Posted at 11:59 a.m., Thursday, October 10, 2002
Analysts: Dow rally may be short-lived
By Hope Yen
"I don't think fundamentally anything has changed from the pessimism of yesterday," said Matt Brown, head of equity management at Wilmington Trust. "The fact is, there are still declining earnings estimates.
"That, along with the uncertainty of an Iraqi war and the terrorism threat, makes it difficult for the market to get moving again," he said.
The Dow Jones industrial average climbed 247.68, or 3.4 percent, to close at 7,533.95, after losing as much as 89 points earlier in the day. The gain more than offset yesterday's 215-point decline, which pushed blue chips to their lowest close since October 1997.
The broader market also finished sharply higher. The Nasdaq composite index rose 49.38, or 4.4 percent, to 1,163.49, having reached a fresh six-year low in the previous session. The Standard & Poor's 500 index gained 27.17, or 3.5 percent, to 803.93.
The Labor Department reported today that new jobless claims dropped unexpectedly by a seasonally adjusted 40,000 to 384,000, the lowest level in nearly two months. Analysts were expecting claims to rise.
Although the report offered investors some hope of an improving job market, Labor Department analyst Thomas Stengle cautioned against reading too much into the decline, saying it may partly reflect difficulties adjusting for seasonal factors.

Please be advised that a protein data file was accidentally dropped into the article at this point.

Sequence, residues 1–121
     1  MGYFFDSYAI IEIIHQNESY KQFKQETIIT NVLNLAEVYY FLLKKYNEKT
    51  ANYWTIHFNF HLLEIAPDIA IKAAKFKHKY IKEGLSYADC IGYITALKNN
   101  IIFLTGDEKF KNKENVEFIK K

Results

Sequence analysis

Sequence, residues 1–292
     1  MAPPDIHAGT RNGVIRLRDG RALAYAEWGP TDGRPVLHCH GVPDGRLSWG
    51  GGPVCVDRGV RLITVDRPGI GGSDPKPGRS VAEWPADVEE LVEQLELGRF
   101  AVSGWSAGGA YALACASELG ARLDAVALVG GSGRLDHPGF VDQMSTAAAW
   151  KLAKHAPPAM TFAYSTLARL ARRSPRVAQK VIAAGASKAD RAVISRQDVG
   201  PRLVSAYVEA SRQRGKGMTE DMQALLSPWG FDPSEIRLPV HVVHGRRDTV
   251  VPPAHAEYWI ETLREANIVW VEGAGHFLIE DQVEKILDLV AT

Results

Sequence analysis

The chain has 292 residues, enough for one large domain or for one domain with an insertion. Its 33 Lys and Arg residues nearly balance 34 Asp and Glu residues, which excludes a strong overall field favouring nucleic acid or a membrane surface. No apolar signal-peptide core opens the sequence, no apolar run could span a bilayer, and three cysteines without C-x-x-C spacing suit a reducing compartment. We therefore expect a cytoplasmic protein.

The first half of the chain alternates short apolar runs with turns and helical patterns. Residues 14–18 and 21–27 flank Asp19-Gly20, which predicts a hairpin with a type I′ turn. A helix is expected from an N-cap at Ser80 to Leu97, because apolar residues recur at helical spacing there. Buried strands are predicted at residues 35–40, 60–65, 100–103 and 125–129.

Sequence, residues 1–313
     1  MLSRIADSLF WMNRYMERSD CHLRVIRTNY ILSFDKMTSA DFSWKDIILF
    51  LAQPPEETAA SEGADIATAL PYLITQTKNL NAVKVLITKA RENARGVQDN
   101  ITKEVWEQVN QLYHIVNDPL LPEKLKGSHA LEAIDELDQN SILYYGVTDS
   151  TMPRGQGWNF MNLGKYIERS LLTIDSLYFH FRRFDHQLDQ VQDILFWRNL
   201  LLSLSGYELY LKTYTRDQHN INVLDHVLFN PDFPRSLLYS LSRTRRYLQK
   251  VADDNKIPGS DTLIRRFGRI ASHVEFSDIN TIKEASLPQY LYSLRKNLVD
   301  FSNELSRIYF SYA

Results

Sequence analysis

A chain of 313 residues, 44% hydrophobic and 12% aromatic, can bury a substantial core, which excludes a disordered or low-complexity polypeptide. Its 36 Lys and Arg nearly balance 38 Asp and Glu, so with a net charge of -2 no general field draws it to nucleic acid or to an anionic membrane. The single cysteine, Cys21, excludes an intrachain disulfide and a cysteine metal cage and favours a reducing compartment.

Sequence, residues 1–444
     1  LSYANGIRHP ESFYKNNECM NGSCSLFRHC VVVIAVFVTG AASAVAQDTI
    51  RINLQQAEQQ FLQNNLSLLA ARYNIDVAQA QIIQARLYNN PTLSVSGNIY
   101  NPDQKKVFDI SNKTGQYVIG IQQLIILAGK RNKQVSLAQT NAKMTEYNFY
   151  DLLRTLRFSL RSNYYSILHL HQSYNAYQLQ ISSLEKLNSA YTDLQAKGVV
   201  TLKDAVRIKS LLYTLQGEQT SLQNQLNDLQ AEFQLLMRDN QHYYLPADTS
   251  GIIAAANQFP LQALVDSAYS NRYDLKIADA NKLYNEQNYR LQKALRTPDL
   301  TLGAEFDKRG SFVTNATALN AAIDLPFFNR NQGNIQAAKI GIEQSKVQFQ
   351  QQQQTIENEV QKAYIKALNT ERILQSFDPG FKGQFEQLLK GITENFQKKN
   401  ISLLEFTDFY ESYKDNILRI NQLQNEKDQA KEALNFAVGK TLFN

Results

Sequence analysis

Meanwhile, Yahoo rose $2.29 to $12.27 after the Internet company reported third-quarter profit that beat expectations and raised its revenue predictions for the full year. The news lifted other tech stocks including Intel, which gained 72 cents to $14.18.
And Aetna climbed $5.11 to $36.80 after the health insurer said it expected earnings for the third quarter and the rest of 2002 to be higher than analysts' estimates.
The positive news helped offset disappointing September retail figures, which pressured blue chip stocks in early trading.
The nation's retailers today said warm weather and a cool economy hurt fall sales, prompting merchants such as Federated and Kohl's to reduce their earnings outlook for the rest of the year. Shares of Federated rose $1.49 to $28.10, but Kohl's declined $5 to $49.45.
Analysts said while a recent spate of heavy selling has made stocks attractive to bargain hunters, more steep declines were possible. They said the market could be pressured in the coming weeks as more earnings reports are released.
Brown said that, although unimaginable earlier in the year, the Dow could fall below the 7,000 mark.
"I would put it at maybe a 50-50 chance," he said. "I see the market right now as fairly valued. It's possible we may need to get into the dirt-cheap category before the market starts picking up again."
Investors have unloaded stocks for six straight weeks as they grew increasingly nervous about the strength of the economic recovery and tensions with Iraq.
Since Aug. 22, the Dow has dropped about 1,500 points and is now down about 25 percent this year.
Advancing issues outnumbered decliners 9 to 5 on the New York Stock Exchange.
Volume was moderate.
The Russell 2000 index, which tracks smaller company stocks, rose 9.12, or 2.8 percent, to 336.16.